Tue | May 11, 2021

As smoking Soufrière bellows, an uncertain future awaits

Published:Monday | April 12, 2021 | 12:19 AMJanet Silvera/Senior Gleaner Writer
The car park at the Queen Elizabeth Hospital in Bridgetown, Barbados, is covered in ash and dust blown from the Soufriere Volcano.
The car park at the Queen Elizabeth Hospital in Bridgetown, Barbados, is covered in ash and dust blown from the Soufriere Volcano.
A plume of ash rises in the air and is seen from Kingstown, the capital of St Vincent and the Grenadines, on Friday.
A plume of ash rises in the air and is seen from Kingstown, the capital of St Vincent and the Grenadines, on Friday.
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WESTERN BUREAU:

Weighed down under ash, thirsty for water and oxygen, accessible only by sea, predictions are it will take Vincentians three to four months to recover from the devastating volcanic eruption that has displaced 20,000 people in that Caribbean country.

Days after residents were evacuated from the red zone, nowhere on the island is unscathed by the puffing rage of the volcano, Maureen Webber, a Jamaican living there, has told The Gleaner.

La Soufrière volcano erupted last Friday, transforming the island into the Sahara-like canvas of gloom, with rocks landing on homes, small, intermittent fires being sparked, and homes blanketed in dust and ash.

Webber, who was able to raise US$20,000 (J$3 million) in hours to purchase things such as food, diapers for the disabled, and water for an emergency centre she is sponsoring, spoke of how dangerous it was to go outside her home, owing to the impact that the ash can have on the lungs.

“It is raining, and the ash on the ground is turning into concrete, and that is exactly what it does to the lungs,” said the human development expert, who has resided in St Vincent and the Grenadines for the past two years managing a World Bank-funded project.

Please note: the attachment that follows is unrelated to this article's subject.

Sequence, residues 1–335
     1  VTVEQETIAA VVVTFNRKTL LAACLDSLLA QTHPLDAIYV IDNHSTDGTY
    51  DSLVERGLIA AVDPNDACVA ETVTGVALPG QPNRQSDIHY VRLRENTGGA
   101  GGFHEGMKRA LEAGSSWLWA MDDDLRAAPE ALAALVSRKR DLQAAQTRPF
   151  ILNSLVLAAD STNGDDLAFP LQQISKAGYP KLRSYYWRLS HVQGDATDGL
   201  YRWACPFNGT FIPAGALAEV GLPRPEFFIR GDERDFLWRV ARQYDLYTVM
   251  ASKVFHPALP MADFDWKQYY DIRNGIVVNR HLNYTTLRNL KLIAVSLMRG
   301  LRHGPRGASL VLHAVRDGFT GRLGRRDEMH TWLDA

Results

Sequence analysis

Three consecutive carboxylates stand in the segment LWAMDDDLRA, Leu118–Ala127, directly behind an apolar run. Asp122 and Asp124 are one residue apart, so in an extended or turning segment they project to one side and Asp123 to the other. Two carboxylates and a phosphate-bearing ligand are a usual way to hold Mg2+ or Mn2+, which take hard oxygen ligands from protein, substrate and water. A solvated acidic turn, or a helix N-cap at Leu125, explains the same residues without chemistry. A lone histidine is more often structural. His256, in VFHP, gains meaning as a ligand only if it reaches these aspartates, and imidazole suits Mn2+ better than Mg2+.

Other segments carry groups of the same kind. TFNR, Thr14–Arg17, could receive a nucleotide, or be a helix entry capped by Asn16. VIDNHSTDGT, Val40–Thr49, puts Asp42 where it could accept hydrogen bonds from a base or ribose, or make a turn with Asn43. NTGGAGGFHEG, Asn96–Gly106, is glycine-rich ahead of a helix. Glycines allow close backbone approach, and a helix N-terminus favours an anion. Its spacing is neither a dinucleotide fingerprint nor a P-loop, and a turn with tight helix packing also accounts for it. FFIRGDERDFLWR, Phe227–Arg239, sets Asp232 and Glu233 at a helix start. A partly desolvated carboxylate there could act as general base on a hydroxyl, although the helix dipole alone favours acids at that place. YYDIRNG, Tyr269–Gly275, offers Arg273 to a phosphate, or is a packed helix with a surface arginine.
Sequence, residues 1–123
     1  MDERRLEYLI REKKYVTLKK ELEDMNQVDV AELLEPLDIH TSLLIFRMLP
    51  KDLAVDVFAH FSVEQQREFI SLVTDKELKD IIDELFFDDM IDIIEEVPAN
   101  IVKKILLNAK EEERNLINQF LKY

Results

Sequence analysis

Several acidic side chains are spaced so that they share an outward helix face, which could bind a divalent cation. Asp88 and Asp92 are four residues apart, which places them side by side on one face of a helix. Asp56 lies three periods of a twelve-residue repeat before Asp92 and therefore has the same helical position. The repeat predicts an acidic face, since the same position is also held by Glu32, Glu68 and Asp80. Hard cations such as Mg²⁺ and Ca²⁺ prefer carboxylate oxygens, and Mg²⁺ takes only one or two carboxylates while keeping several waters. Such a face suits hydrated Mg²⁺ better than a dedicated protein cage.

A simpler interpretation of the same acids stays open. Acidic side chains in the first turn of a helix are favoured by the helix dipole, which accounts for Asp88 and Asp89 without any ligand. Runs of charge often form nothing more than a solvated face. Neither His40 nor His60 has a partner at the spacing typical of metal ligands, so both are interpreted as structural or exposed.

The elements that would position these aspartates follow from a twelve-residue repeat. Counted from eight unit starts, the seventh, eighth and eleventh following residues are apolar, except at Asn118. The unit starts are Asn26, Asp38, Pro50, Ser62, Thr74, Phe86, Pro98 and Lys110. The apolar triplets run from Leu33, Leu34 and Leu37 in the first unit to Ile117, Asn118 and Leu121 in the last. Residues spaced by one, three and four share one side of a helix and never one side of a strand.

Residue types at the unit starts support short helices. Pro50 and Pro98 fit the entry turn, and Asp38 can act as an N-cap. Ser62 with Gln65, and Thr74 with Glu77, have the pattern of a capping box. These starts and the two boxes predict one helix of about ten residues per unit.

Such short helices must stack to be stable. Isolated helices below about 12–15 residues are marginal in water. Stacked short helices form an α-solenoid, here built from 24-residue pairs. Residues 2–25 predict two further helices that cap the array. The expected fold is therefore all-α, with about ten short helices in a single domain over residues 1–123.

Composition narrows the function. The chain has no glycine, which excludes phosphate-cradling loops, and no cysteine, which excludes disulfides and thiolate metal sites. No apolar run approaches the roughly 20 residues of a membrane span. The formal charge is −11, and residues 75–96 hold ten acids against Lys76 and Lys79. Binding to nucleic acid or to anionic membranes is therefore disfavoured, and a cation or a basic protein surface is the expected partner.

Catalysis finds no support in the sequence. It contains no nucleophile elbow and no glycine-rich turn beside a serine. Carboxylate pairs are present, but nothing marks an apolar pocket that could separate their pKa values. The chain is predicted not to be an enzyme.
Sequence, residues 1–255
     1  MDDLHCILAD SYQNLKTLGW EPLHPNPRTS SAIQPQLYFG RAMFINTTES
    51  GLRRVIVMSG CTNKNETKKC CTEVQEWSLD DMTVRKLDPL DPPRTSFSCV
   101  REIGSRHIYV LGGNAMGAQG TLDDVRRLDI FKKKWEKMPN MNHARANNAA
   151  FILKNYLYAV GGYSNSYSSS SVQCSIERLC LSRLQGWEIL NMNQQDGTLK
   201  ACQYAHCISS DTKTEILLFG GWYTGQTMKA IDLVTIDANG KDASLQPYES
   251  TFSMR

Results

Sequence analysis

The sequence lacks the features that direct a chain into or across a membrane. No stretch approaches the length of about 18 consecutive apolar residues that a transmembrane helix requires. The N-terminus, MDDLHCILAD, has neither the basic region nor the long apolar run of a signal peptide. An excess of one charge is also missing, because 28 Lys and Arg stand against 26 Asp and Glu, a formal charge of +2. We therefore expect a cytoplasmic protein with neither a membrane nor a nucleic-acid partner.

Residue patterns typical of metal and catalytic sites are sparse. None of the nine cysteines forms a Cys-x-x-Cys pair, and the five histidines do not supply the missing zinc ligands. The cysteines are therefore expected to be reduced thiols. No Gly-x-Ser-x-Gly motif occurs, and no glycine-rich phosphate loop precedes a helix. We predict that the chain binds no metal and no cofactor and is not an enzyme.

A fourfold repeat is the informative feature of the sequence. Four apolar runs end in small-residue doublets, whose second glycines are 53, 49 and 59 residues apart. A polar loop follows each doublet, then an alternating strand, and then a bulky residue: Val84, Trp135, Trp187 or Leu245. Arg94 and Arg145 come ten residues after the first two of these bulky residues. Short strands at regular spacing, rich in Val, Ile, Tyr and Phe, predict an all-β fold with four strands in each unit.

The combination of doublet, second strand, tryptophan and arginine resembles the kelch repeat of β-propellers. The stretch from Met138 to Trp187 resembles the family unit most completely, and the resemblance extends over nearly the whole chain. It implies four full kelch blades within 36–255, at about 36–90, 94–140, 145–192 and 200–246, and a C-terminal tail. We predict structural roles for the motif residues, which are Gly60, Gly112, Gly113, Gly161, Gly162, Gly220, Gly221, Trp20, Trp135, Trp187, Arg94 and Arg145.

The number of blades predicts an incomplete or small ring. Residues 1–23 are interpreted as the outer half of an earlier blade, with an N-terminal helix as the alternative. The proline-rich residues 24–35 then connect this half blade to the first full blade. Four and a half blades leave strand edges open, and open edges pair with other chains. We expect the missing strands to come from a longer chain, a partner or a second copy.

The eruption appears to be worse than 1979, residents have told her, when many thousands were displaced.

Approximately 110,000 people live in the Eastern Caribbean country.

“The dust is much more intense this time, but I feel the people here have a resilience within,” Webber said, noting that the northern region of the island, namely Sandy Bay, which is across from the Dry River area, had been hardest hit. It is estimated that persons will not be able to return there for months to come.

Webber is in touch with 45 of her countrymen who are part of a St Vincent-Jamaican WhatsApp group. According to her, two Jamaicans were originally in what was tagged the red zone, but have since been evacuated.

“They are now fine,” she added.

POWER OUTAGES

Mikhail Francis, a Jamaican who has lived in St Vincent since 1987, says he has been suffering from power outages since Saturday, owing to the volcanic particles that are a positive charge for electricity, resulting in fires on the utility poles.

He has been forced to seal the windows in his home to prevent the sulphurous odour from invading his home.

“We would love to have some ventilation, but we know that is not possible at this time,” he told The Gleaner on Sunday evening.

NEMO has issued its ninth warning for the day, stating that the explosive eruptions will continue for the next few days.

Webber’s account was corroborated by Camillo Gonsalves, son of Prime Minister Ralph Gonsalves, who said conditions in the shelters were very uneven.

“Some are adequate, others less so. We were probably two weeks too slow in acquiring additional cots, so a few thousand cots are still in Miami awaiting clearance to fly down,” he said, citing the closure of the airspace as a factor.

“As such, many people are sleeping on the floor. That situation is slowly being resolved with donations and makeshift solutions.”

The younger Gonsalves, who is the minister of finance, economic planning, and information technology, believes that about 20,000 people will be internally displaced for up to three or four months. Historically, the volcano keeps going intermittently for a couple months.

So far, Infrastructural damage is not as bad as feared, he said, as not a great deal of lava has flowed in the direction of villages, which have been covered in ash and rocks.

“However most crops on island will be lost, and untold livestock,” he said.

The greatest immediate challenge, he said, was the safety of evacuees.

COVID-19, he said, remained an underlying threat because of the conditions in which people are housed.

janet.silvera@gleanerjm.com